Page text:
Enhancement of Ozone and Carbon Monoxide Associated with Upper Cut-off Low during Springtime in East Asia

  • Moon, Yun-Seob (Department of Environmental Education, Korea National University of Education) ;
  • Drummond, James R. (Department of Physics, University of Toronto)
  • Received : 2009.09.21
  • Accepted : 2010.09.03
  • Published : 2010.10.31


In order to verify the enhancement of ozone and carbon monoxide (CO) during springtime in East Asia, we investigated weather conditions and data from remote sensors, air quality models, and air quality monitors. These include the geopotential height archived from the final (FNL) meteorological field, the potential vorticity and the wind velocity simulated by the Meteorological Mesoscale Model 5 (MM5), the back trajectory estimated by the Hybrid Single-Particle Lagrangian Integrated Trajectory (HYSPLIT) model, the total column amount of ozone and the aerosol index retrieved from the Total Ozone Mapping Spectrometer (TOMS), the total column density of CO retrieved from the Measurement of Pollution in the Troposphere (MOPITT), and the concentration of ozone and CO simulated by the Model for Ozone and Related Chemical Tracers (MOZART). In particular, the total column density of CO, which mightoriginate from the combustion of fossil fuels and the burning of biomass in China, increased in East Asia during spring 2000. In addition, the enhancement of total column amounts of ozone and CO appeared to be associated with both the upper cut-off low near 500 hPa and the frontogenesis of a surface cyclone during a weak Asian dust event. At the same time, high concentrations of ozone and CO on the Earth's surface were shown at the Seoul air quality monitoring site, located at the surface frontogenesis in Korea. It was clear that the ozone was invaded by the downward stretched vortex anomalies, which included the ozone-rich airflow, during movement and development of the cut-off low, and then there was the catalytic photochemical reaction of ozone precursors on the Earth's surface during the day. In addition, air pollutants such as CO and aerosol were tracked along both the cyclone vortex and the strong westerly as shown at the back trajectory in Seoul and Busan, respectively. Consequently, the maxima of ozone and CO between the two areas showed up differently because of the time lag between those gases, including their catalytic photochemical reactions together with the invasion from the upper troposphere, as well as the path of their transport from China during the weak Asian dust event.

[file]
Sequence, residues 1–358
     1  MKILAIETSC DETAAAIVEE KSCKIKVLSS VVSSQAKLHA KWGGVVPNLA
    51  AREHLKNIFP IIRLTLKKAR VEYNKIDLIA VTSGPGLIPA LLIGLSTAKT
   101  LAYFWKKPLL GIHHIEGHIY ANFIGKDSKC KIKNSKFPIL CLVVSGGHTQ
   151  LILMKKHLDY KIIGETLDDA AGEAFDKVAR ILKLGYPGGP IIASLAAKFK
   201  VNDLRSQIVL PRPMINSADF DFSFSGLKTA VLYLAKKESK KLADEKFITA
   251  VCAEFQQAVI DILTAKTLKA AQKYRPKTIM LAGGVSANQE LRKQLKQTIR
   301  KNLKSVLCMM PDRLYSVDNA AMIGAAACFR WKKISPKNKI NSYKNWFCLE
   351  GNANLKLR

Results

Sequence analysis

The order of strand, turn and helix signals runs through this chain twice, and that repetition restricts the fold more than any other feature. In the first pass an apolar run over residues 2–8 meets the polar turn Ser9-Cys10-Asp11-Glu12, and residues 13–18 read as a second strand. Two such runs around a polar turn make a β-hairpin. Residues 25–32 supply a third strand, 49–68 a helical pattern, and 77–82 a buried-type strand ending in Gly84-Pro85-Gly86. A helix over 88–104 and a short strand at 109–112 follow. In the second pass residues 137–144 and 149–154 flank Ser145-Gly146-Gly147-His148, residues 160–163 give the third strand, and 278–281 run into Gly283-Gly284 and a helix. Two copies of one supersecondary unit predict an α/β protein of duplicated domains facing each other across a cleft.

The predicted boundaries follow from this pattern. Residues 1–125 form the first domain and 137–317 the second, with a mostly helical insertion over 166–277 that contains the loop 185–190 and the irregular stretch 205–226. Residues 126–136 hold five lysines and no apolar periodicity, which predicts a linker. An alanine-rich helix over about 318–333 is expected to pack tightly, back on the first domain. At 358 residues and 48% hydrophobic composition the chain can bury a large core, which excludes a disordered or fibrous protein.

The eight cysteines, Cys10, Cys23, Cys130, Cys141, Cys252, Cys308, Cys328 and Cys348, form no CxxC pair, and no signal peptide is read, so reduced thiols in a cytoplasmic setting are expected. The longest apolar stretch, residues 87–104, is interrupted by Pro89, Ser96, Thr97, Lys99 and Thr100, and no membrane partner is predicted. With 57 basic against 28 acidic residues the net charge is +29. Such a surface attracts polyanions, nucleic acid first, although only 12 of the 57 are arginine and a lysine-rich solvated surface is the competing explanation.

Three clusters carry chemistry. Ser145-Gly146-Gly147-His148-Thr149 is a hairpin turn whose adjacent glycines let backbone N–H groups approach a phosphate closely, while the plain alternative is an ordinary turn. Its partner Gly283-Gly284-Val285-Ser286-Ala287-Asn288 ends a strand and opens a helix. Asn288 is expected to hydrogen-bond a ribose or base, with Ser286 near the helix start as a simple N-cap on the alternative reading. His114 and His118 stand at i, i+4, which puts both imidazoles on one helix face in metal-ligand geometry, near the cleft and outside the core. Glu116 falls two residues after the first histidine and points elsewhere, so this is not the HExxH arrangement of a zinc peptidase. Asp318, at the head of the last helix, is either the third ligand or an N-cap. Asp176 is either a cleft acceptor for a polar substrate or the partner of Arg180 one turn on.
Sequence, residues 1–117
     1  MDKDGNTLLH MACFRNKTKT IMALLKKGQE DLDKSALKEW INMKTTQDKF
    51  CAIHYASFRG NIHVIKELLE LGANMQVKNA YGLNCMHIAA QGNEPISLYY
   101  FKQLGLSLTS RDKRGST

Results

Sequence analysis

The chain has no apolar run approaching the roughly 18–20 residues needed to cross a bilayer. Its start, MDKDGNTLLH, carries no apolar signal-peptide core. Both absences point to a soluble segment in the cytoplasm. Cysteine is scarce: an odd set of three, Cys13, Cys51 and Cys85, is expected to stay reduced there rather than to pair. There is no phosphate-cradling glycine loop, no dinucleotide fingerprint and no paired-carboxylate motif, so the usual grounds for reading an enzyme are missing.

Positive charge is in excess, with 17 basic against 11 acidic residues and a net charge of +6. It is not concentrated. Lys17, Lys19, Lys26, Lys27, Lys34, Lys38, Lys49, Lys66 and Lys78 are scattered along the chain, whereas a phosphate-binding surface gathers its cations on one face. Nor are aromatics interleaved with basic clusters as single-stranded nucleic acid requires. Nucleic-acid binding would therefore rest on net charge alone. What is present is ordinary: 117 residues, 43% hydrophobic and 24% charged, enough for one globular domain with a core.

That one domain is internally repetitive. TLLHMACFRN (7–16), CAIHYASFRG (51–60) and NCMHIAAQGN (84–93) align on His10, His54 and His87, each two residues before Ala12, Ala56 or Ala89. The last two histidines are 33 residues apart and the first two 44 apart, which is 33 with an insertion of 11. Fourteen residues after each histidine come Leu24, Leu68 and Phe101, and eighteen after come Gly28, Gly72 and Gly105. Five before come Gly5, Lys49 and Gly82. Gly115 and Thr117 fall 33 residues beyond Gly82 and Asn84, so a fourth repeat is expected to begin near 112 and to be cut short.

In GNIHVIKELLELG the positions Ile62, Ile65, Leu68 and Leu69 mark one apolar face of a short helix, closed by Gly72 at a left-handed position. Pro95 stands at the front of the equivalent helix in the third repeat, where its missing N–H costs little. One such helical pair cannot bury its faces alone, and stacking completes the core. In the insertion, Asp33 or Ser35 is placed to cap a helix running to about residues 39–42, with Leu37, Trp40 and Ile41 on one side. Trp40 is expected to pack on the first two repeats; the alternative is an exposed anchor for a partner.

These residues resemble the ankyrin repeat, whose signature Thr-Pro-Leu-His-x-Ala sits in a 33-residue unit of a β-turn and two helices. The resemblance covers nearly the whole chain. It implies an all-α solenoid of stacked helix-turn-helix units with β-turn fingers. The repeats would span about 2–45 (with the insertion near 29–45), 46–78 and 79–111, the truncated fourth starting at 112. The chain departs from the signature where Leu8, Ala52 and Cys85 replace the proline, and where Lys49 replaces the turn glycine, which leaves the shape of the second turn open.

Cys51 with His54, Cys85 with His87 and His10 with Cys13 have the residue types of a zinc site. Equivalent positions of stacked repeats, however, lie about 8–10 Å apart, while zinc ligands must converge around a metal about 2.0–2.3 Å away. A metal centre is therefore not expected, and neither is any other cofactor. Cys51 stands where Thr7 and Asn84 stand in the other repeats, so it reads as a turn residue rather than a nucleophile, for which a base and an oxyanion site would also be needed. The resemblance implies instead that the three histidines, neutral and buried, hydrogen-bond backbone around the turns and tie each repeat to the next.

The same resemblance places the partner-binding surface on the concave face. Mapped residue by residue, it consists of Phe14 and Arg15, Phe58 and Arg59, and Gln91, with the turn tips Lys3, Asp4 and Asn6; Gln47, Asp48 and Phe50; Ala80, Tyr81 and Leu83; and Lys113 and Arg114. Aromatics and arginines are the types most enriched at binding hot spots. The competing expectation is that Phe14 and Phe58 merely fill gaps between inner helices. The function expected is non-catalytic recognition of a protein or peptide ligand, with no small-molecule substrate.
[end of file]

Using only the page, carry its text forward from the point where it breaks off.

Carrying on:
Supported by : Korea Research Foundation


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